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How to create a referral network for your pole-based business

Often, students expect pole teachers and studio owners to know everything.

But that isn’t always the case, nor should it be the expectation. In this post we’ll look at how to define and work within your scope of practice and how to develop a beneficial referral network for your pole-based business that supports you and your clients.

Understand your scope of practice

Your scope of practice is what you are qualified to do.

Are you certified or otherwise educated in how to teach pole? Great! Teaching someone how to do a fireman spin is (likely) within your scope of practice.

If someone asks you a nutrition question during your pole class, are you qualified to answer that question based on your education and experience helping others with their nutrition or are you simply sharing your personal experience with nutrition? Nutrition may be outside your scope of practice.

Your scope of practice can always be expanded by educating yourself, gaining relevant experience, or by creating a referral network of qualified professionals.

Create a referral network

A referral network is a formal or informal way of coordinating with other professionals in complimentary fields to provide support that is outside your scope of practice or your business offerings.

In pole, there are many fields or industries that could intersect with our own which might include:

  • Nutritionists or Dietitians
  • Wellness Experts
  • Personal Trainers
  • Physical Therapists or other Manual Therapists (massage, acupuncture, etc.)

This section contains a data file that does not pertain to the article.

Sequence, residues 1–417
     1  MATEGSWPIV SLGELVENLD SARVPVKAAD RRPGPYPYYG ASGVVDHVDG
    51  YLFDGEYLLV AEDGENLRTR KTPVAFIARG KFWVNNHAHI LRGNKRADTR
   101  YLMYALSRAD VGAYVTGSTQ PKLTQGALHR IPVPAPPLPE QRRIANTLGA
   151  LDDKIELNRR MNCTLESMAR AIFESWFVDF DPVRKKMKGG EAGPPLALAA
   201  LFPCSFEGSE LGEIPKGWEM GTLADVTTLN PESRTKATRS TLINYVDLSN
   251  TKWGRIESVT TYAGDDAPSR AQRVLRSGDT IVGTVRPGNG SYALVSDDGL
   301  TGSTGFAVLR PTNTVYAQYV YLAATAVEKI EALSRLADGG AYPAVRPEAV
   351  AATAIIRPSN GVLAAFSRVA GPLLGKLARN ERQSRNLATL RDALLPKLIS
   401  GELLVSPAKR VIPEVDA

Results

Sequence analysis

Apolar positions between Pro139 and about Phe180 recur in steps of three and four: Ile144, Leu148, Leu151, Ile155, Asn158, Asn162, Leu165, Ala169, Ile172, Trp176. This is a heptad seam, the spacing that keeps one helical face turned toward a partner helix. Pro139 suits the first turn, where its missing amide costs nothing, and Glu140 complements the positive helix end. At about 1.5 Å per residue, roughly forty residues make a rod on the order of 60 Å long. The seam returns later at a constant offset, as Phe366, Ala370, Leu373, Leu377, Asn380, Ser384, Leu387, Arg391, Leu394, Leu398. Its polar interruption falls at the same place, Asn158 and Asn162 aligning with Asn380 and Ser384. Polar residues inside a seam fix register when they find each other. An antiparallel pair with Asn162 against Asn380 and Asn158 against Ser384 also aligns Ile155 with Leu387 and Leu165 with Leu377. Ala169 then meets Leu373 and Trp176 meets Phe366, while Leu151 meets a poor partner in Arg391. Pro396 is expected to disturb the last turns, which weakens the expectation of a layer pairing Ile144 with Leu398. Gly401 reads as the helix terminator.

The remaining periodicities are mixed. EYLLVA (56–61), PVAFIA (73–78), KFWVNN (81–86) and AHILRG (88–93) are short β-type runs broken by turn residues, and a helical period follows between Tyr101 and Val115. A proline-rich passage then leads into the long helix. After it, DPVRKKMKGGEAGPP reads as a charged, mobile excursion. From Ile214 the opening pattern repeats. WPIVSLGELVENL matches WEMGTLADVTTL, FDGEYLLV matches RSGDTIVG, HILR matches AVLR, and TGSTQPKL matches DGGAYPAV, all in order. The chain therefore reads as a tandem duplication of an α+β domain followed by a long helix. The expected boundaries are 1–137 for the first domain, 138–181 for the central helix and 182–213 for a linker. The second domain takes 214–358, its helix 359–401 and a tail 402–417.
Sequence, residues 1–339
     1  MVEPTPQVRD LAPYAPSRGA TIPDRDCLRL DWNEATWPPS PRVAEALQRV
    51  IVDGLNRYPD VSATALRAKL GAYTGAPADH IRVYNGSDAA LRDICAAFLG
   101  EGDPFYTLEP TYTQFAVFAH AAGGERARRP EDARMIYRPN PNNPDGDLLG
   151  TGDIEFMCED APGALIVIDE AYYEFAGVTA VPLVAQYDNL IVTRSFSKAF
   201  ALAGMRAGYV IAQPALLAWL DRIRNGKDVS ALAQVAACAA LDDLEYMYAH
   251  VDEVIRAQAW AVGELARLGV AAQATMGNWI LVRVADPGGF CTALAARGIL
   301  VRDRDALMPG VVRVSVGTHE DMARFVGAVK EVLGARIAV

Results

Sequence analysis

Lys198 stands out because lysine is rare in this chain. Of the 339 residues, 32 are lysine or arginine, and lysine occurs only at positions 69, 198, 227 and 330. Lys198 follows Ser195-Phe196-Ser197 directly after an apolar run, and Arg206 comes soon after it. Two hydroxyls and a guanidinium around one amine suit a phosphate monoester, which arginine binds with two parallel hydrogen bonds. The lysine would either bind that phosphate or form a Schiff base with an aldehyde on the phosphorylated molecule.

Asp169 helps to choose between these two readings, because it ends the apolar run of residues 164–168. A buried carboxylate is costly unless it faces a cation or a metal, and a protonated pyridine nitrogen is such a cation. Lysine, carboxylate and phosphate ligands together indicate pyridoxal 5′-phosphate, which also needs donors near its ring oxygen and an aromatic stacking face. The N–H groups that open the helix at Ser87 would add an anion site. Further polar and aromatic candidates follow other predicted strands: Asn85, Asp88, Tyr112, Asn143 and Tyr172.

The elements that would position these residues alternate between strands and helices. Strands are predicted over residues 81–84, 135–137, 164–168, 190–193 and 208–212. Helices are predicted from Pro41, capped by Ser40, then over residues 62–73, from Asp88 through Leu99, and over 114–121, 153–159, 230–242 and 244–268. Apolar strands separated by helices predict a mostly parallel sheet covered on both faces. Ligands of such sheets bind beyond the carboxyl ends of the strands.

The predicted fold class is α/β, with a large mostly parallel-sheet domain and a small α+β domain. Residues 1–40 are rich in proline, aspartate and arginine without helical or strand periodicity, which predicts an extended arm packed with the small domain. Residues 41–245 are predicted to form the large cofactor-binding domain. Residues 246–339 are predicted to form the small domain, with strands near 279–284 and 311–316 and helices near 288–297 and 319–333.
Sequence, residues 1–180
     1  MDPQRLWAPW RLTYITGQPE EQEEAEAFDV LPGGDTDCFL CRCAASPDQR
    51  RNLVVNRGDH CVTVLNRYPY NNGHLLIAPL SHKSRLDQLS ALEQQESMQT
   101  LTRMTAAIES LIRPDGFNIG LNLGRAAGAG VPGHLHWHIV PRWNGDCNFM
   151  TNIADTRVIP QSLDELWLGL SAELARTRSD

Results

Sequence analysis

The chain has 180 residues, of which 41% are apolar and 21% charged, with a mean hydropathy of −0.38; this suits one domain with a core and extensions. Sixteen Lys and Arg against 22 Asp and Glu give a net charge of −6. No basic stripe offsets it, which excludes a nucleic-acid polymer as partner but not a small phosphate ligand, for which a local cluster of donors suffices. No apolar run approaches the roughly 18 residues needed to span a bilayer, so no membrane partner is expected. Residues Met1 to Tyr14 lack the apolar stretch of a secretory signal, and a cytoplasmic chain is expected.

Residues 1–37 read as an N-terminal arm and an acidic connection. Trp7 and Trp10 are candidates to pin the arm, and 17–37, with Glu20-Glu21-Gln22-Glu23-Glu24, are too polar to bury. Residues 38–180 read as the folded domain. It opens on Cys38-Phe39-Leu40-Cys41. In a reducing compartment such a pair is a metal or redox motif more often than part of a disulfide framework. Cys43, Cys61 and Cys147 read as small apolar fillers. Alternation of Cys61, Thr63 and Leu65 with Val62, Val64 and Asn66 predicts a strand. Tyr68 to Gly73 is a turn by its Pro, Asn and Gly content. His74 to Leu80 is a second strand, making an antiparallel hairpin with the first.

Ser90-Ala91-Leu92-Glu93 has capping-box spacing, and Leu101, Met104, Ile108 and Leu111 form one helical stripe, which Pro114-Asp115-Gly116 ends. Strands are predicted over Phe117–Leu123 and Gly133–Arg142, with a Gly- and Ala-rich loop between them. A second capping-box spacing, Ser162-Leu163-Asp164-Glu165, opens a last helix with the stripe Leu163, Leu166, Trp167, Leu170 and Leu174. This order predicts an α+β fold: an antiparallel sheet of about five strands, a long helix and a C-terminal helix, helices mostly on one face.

• Licensed Emotional Support Therapists or Counselors
  • Other Healthcare Experts

Find people that you like working with, that fit the “vibe” of your business, and follow business practices that you also support and follow. These businesses will be easiest for you to work with and will be the comfortable for your clients to work with too.

This referral network could be an informal way that you recommend a certain physical therapist when a student is injured, and they similarly would recommend you when someone asks where to go to learn pole dancing.

It could also be a more formal agreement that a referral generates you income such as a 10% “finder’s fee” for new business coming from a member in your referral network. As for most pole business related issues, always have a contract.

IPIA members can access this sample referral agreement for free.  (this sample agreement is most appropriate for US-based businesses)

Support your clients, your business, and other relevant pole dance businesses

Working within your scope of practice can be hard for pole teachers and studio owners that just want to help others.

This can be further complicated by having a scarcity mentality may make you fear that if someone (and their money) goes elsewhere for help, they won’t come back to you or your studio.

Having a referral network allows you to keep providing your customers with support in a way that is ultimately safer for them. It may also have the benefit of providing you a steady stream of recommendations from other like-minded professionals or event a “finder’s fee.”

Not sure where to start building your own referral network?

Check out our partners page for business within the pole industry and in complimentary fields that support other pole businesses and pole dance professionals to get ideas. Then look for businesses in your local area for physical support needs as well as virtual experts to build your own network.

Supporting other businesses in our pole industry IS good business!



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